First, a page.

vm_time_sleep(10);
vm_time_gettimeofday( &TPCUR, NULL);
elapse=((double) (TPCUR.tv_sec-TPOLD.tv_sec))*1000000 + TPCUR.tv_usec-TPOLD.tv_usec;
nExpectedFrameNumber = elapse/1000000*30;
}
.....

Could you please let us know how you are measuring the performance? That will help us to understand the problem. If the code can not be posted here, could you pleaseto submit the issue to https://premier.intel.com

I can notice the issue in the simpleplayer. We are working forthe fix for that.

Thanks,
Chao

Simple player also includes audio, which your above demo does not. I've already documented that the audio renderer [used by simple player] has vm_time_sleep(0) causing pegging the CPU to 100% on https://premier.intel.com issue 469411. I observed and suggested the following:

Take a look at basic_audio_render.cpp, ThreadProc, line 114, see
vm_time_sleep(0). This is in a UMC_ERR_NOT_ENOUGH_DATA loop that pegs
the CPU until data flows through the renderer. Other sources making use
of this technique are umc_spl_base.cpp and avsync.cpp. Further,
avsync.cpp defines macro TASK_SWITCH to invoke vm_time_sleep(0).

There are numerous examples in the API of small time spin waits for similar events, e.g. 5 or 10 milliseconds.

I
must strongly recommend that all spin waits be replaced with waits on
event objects. I realize that synchronization objects in general are
very operating system specific, but spin waits are not acceptable.

Frank,

I too cannot understand why Intel does not acknowledge and fix this problem. They have spent more time trying to prove it doesn't exist than they would have spent just fixing the problem. I know this because I have found and fixed the problem. It is very much related to they same issues you have talked about, however, in this case they are actually using an event to pace the thread... they didn't, however, initialize the event. The problem was someone either didn't understand (or forgot) how their dynamic array class worked. This doesn't speak very highly of the rest of the code and further investigation proved this to be correct. I guess we have to understand that these are just 'samples' to show how you might use the IPP libs. I think we will be looking at other codecs that are sold as products, not as samples to a library of primitives.

Dear All,

Our engineering teamcan identify a threading problem in the Codec. Here is a fix for this problem:

File: codech264_decsrcumc_h264_task_broker.cpp:

bool TaskBrokerTwoThread::Init(Ipp32s iConsumerNumber)

{

if (!TaskBroker::Init(iConsumerNumber))
return false;

m_nWaitingThreads = 0;

// initilaize event(s)
for (Ipp32s i = 0; i < m_iConsumerNumber; i += 1)

{ if (NULL == m_eWaiting[i])
{
if (false == m_eWaiting.AllocateOneMore())

return false;

if (UMC_OK != m_eWaiting[i]->Init(0, 0))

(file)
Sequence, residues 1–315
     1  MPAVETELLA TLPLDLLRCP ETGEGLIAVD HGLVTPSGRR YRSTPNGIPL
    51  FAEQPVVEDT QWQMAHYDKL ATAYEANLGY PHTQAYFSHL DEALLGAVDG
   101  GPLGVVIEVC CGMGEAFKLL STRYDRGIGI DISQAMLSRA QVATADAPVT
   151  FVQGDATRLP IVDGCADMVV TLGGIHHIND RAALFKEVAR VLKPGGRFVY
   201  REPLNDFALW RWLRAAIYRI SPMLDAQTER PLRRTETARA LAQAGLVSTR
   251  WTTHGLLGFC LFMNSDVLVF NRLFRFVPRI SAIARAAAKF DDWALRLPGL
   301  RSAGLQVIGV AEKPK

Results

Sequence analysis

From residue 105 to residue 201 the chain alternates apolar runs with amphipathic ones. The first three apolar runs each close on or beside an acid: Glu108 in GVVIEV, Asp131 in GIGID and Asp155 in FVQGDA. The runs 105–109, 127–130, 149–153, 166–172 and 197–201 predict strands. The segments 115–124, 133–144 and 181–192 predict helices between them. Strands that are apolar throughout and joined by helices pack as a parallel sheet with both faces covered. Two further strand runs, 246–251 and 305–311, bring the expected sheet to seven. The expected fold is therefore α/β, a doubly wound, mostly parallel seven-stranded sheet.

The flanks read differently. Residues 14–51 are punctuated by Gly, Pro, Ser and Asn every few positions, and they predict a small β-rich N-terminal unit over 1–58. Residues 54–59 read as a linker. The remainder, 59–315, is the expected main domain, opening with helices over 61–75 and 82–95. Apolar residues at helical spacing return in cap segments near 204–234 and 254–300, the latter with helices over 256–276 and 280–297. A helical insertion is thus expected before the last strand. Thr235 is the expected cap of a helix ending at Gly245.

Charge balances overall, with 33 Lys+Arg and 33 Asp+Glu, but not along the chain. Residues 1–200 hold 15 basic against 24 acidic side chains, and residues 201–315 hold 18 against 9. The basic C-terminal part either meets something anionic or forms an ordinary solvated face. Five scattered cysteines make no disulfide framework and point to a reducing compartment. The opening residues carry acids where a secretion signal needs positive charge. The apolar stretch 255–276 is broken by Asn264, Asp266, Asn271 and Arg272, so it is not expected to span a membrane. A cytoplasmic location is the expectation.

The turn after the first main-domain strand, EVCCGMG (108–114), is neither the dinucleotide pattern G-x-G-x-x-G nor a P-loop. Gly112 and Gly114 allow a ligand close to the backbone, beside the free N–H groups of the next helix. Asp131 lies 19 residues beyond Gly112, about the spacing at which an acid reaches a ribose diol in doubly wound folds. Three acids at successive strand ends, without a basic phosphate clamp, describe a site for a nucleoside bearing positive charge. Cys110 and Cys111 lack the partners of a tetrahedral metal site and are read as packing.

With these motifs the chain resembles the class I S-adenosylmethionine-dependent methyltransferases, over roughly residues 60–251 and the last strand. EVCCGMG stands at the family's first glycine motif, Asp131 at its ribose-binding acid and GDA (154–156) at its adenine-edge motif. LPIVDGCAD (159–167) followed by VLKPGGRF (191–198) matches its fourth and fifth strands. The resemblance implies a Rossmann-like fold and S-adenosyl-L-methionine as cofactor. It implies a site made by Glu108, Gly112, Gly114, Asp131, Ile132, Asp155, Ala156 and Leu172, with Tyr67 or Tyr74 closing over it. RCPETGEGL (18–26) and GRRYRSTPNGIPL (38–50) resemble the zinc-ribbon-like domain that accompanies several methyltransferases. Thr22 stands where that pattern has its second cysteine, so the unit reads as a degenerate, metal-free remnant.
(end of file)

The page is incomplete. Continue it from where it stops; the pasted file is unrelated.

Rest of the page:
return false;
}

}
return true;
}

Change to:

bool TaskBrokerTwoThread::Init(Ipp32s iConsumerNumber)

{

if (!TaskBroker::Init(iConsumerNumber))

return false;

m_nWaitingThreads = 0;
m_eWaiting.Init(m_iConsumerNumber);

// initilaize event(s)
for (Ipp32s i = 0; i < m_iConsumerNumber; i += 1)
{

if (UMC_OK != m_eWaiting[i]->Init(0, 0))
return false;
}

return true;

}

Could you please check if this can fix the problem for you?
Thanks all of you again for your patience for this problem.

Regards,
Chao

Yes, that is the problem.

I really don't understand why your team is so reluctant to admit and fix problems. The only reason this problem got fixed was because I fixed it and called them out on it. No one is perfect and everyone makes mistakes... it is quite silly to think otherwise.

This doesn't fix the problem for me.

I'm statically linking the IPP libraries on MacOS X and decoding a 720x576 standard definition H.264 stream. The hardware is a Mac Pro with 2x2.66 Dual Core Xeons, i.e. four cores.

I have code that uses QuickTime to decode the stream and it barely registers any CPU usage at all during decoding. When I substitute the Intel code the CPU usage goes to 60% on all four cores which is completely unacceptable. Most of the additional CPU usage is in the kernel.

The above change makes little or no difference to the problem. Interestingly, I can make the problem go away simply by commenting out the AutomaticUMCMutex at the top of TaskBroker::GetNextTask(). Note that this only works if the previously suggested fix _isn't_ applied. If both are applied the code will deadlock.

I haven't had the time to investigate the locking model in this code so I can't recommend my change to anyone, but it does work. What's the story with the LIGHT_SYNC preprocessor definition and why are TryRealGet() and TryToGet() commented out at the top of the file?

I don't understand why the thread synchronisation code is burning CPU cycles. If the locking is too coarse grained then threads should simply sleep when they could otherwise be doing work. Something else must be going on that's causing threads to wake up unnecessarily and sleep again all the time. I wonder if it's related to the use of recursive mutexes in vm_mutex_init. Making them non-recursive causes an immediate deadlock, so the code is certainly re-entering critical sections. This rang alarm bells for me and I wouldn't mind betting that it's related to the CPU usage problem.

If I get the time I'll look into it further, but quite frankly, I shouldn't have to. We're currently evaluating the Intel IPP libraries and my first impression is that the supporting code needs a lot of work before it can be considered production quality.